Computer Science
http://hdl.handle.net/10468/227
Sat, 02 Aug 2014 06:55:15 GMT2014-08-02T06:55:15ZModular smoothed analysis of median-of-three Quicksort
http://hdl.handle.net/10468/1367
Modular smoothed analysis of median-of-three Quicksort
Hennessy, Aoife; Schellekens, Michel P.
Spielman’s smoothed complexity - a hybrid between worst and average case complexity measures - relies on perturbations of input instances to determine where average-case behavior turns to worst-case. This approach simplifies the smoothed analysis and achieves greater precession in the expression of the smoothed complexity, where a recurrence equation is obtained as opposed to bounds. Moreover, the approach addresses, in this context, the formation of input instances–an open problem in smoothed complexity. In [23], we proposed a method supporting modular smoothed analysis and illustrated the method by determining the modular smoothed complexity of Quicksort. Here, we use the modular approach to calculate the median of three variant and compare these results with those in [23].
Wed, 01 Jan 2014 00:00:00 GMThttp://hdl.handle.net/10468/13672014-01-01T00:00:00ZModular smoothed analysis
http://hdl.handle.net/10468/1368
Modular smoothed analysis
Schellekens, Michel P.; Hennessy, Aoife; Shi, Bichen
Spielman’s smoothed complexity - a hybrid between worst and average case complexity measures - relies on perturbations of input instances to determine where average-case behavior turns to worst-case. The paper proposes a method supporting modular smoothed analysis. The method, involving a novel permutation model, is developed for the discrete case, focusing on randomness preserving algorithms. This approach simplifies the smoothed analysis and achieves greater precession in the expression of the smoothed complexity, where a recurrence equation is obtained as opposed to bounds. Moreover, the approach addresses, in this context, the formation of input instances–an open problem in smoothed complexity. To illustrate the method, we determine the modular smoothed complexity of Quicksort.
Wed, 01 Jan 2014 00:00:00 GMThttp://hdl.handle.net/10468/13682014-01-01T00:00:00ZUncertainty visualization in 3D scalar data
http://hdl.handle.net/10468/1535
Uncertainty visualization in 3D scalar data
Ma, Ji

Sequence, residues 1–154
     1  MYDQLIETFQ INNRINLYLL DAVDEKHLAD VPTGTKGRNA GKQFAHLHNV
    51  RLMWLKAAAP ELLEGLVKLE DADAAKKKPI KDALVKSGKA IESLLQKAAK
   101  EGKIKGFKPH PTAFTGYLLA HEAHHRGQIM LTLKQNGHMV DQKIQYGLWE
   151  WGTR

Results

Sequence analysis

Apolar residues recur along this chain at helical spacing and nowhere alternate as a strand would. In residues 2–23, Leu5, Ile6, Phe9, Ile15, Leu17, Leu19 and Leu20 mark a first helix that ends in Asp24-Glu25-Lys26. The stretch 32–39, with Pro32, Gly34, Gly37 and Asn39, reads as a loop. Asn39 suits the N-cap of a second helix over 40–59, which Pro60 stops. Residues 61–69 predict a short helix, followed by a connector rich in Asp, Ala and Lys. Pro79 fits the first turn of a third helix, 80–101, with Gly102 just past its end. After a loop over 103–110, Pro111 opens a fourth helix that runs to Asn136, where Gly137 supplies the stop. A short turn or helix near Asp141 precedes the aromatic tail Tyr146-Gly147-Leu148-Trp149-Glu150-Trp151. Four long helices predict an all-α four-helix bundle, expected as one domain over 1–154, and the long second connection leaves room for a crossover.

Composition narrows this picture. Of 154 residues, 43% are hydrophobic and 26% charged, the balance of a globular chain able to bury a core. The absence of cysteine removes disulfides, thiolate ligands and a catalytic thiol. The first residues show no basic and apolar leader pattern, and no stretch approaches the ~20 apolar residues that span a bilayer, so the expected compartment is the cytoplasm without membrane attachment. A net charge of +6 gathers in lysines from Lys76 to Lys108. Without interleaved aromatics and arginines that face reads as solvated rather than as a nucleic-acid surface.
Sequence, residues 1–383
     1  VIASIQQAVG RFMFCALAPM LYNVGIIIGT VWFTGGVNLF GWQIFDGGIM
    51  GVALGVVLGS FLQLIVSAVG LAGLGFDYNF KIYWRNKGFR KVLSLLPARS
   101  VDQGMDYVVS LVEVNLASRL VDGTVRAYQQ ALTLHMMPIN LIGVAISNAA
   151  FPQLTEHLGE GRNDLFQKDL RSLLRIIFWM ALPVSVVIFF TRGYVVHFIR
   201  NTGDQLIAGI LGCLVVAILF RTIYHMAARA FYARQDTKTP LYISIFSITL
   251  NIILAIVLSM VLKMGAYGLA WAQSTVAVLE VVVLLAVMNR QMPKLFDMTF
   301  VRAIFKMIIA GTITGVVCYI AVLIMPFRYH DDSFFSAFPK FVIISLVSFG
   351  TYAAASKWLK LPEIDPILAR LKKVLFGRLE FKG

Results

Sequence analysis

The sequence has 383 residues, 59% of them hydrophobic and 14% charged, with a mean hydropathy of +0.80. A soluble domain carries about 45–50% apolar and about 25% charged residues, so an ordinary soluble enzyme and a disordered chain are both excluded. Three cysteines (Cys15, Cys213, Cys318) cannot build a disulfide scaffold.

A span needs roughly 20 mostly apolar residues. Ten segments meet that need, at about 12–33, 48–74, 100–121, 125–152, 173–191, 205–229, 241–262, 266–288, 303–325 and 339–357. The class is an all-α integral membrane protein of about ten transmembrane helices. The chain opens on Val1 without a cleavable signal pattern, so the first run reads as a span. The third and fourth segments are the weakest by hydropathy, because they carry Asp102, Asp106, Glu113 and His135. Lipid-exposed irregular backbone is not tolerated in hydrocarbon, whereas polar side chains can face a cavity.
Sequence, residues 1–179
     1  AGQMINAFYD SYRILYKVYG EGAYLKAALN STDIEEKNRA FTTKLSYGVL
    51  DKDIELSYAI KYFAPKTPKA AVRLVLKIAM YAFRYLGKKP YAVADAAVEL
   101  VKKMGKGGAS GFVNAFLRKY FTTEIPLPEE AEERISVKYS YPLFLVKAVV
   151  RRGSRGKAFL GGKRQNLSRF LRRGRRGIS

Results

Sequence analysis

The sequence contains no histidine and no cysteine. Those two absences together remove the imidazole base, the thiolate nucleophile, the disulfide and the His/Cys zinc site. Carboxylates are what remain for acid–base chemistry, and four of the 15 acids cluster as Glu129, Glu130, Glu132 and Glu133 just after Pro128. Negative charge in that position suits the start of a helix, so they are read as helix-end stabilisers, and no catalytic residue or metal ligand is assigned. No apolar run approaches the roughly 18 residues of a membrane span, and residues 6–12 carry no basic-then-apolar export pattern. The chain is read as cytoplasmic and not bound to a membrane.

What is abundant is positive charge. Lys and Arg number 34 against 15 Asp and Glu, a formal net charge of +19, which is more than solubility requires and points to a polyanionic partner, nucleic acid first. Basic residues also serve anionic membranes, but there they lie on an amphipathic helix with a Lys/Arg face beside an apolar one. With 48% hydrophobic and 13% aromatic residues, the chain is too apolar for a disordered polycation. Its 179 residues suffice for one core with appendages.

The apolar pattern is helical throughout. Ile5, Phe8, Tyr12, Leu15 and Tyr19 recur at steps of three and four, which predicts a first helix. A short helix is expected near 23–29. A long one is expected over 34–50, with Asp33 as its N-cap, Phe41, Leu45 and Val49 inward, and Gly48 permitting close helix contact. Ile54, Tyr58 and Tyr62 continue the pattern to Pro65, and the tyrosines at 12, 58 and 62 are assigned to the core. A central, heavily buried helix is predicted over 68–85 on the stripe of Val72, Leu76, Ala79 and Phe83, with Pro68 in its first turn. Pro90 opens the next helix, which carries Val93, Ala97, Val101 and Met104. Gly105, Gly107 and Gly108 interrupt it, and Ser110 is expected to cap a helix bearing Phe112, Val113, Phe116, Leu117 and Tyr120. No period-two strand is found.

One problem in most three-dimensional (3D) scalar data visualization techniques is that they often overlook to depict uncertainty that comes with the 3D scalar data and thus fail to faithfully present the 3D scalar data and have risks which may mislead users’ interpretations, conclusions or even decisions. Therefore this thesis focuses on the study of uncertainty visualization in 3D scalar data and we seek to create better uncertainty visualization techniques, as well as to find out the advantages/disadvantages of those state-of-the-art uncertainty visualization techniques. To do this, we address three specific hypotheses: (1) the proposed Texture uncertainty visualization technique enables users to better identify scalar/error data, and provides reduced visual overload and more appropriate brightness than four state-of-the-art uncertainty visualization techniques, as demonstrated using a perceptual effectiveness user study. (2) The proposed Linked Views and Interactive Specification (LVIS) uncertainty visualization technique enables users to better search max/min scalar and error data than four state-of-the-art uncertainty visualization techniques, as demonstrated using a perceptual effectiveness user study. (3) The proposed Probabilistic Query uncertainty visualization technique, in comparison to traditional Direct Volume Rendering (DVR) methods, enables radiologists/physicians to better identify possible alternative renderings relevant to a diagnosis and the classification probabilities associated to the materials appeared on these renderings; this leads to improved decision support for diagnosis, as demonstrated in the domain of medical imaging. For each hypothesis, we test it by following/implementing a unified framework that consists of three main steps: the first main step is uncertainty data modeling, which clearly defines and generates certainty types of uncertainty associated to given 3D scalar data. The second main step is uncertainty visualization, which transforms the 3D scalar data and their associated uncertainty generated from the first main step into two-dimensional (2D) images for insight, interpretation or communication. The third main step is evaluation, which transforms the 2D images generated from the second main step into quantitative scores according to specific user tasks, and statistically analyzes the scores. As a result, the quality of each uncertainty visualization technique is determined.